Microfinance: What’s wrong with it
The poster boy of microfinance is now seeking some anonymity. In Andhra Pradesh, the epicentre of the worst crisis faced by microfinance in India, SKS Microfinance is playing down its identity and going into preservation mode. At its modest office in a residential colony in Warangal district, India’s largest microfinance company has taken down its board.
At its head office in upmarket Begumpet in Hyderabad, it hung a cloth mesh in front of its plush, six-storey glass building, ostensibly to protect it from the public ire over suicides. It’s a bad time to be a microfinance institution (MFI). Read more on Economic Times
Macro pains of microfinance institutions
For the UPA Government, in support of the aam admi and financial inclusion so that the poor are not trapped by moneylenders, the unsavoury happenings on the microfinance front do not bode well. The sector has been reeking of high interest charges, coercive recovery practices and reported cases of suicides by the borrowers. Read more on Hindu Businessline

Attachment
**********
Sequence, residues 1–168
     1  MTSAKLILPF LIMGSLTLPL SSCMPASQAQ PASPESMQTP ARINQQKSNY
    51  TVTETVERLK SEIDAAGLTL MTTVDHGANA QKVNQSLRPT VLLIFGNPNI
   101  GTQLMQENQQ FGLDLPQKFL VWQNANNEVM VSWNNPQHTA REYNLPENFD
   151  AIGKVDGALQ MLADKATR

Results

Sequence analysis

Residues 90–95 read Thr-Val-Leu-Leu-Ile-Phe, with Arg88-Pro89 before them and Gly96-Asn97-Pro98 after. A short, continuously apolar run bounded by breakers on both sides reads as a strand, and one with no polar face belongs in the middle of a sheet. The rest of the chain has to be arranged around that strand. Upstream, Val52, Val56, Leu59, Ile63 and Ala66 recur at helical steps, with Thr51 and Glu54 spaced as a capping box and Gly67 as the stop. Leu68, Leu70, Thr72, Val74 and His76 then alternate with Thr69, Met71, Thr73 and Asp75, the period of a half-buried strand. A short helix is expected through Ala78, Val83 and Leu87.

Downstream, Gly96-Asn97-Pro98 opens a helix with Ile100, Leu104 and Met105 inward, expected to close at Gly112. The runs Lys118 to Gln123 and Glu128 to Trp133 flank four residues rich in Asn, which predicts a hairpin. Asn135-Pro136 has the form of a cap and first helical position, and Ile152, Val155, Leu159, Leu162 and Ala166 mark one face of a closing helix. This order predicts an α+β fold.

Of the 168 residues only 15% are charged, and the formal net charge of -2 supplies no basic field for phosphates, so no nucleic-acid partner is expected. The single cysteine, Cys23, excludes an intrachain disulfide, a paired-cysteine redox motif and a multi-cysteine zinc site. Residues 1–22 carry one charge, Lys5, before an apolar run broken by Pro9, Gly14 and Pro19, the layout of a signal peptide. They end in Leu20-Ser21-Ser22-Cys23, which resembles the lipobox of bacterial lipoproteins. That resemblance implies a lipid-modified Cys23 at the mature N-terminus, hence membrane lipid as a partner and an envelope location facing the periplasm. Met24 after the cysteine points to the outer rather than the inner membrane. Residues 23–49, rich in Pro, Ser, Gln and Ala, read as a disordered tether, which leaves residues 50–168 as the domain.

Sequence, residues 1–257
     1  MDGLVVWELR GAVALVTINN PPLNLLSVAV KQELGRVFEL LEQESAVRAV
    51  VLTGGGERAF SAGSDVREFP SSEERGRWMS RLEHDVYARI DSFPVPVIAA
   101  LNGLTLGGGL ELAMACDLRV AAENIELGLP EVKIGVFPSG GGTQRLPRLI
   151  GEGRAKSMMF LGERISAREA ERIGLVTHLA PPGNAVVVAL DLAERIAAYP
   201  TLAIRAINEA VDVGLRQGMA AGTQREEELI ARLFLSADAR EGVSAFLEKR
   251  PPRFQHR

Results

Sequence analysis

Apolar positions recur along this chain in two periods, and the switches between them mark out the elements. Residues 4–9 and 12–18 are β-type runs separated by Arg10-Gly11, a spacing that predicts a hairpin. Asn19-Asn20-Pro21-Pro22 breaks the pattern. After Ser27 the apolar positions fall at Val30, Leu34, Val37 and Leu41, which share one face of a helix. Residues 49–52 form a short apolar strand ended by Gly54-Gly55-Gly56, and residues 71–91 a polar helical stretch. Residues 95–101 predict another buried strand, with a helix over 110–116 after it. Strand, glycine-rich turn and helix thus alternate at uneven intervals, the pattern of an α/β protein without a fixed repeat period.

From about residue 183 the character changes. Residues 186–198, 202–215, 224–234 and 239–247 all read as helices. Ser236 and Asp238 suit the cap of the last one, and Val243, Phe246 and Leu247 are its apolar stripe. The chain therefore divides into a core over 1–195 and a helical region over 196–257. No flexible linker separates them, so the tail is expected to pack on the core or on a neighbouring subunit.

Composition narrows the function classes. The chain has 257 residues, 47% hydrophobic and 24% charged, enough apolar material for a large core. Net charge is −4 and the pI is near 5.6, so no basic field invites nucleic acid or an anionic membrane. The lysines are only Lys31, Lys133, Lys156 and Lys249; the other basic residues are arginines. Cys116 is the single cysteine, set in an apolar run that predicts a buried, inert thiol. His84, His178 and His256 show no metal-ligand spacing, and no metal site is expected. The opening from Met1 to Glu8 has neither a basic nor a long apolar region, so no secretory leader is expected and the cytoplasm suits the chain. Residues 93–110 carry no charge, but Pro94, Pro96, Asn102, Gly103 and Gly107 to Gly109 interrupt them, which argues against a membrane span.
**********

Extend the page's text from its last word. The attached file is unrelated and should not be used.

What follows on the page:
Cheaper funding sources can help lower MFIs interest rates
In a development that could potentially offer more relief to microfinance borrowers, India’s microfinance players feel that lending rates can be brought down further if microfinance institutions (MFIs) get funding at lower cost. “Interest rates are an issue that concerns the entire industry, which is subject to combination of issues like scale, cost of availability of funds and market forces,” said Vijay Mahajan. Read more on India Infoline
Kanika Datta: Disasters at the bottom of the pyramid
The term “bottom of the pyramid” (BOP), coined by the late C K Prahalad, became wildly attractive in the early noughties, in part because the concept, which suggests that it is possible and legit to make money from the poor, provided a leavening justification for the animal spirits of capitalism in poor countries like India and China with their growing list of Forbes billionaires.
Read more on Sify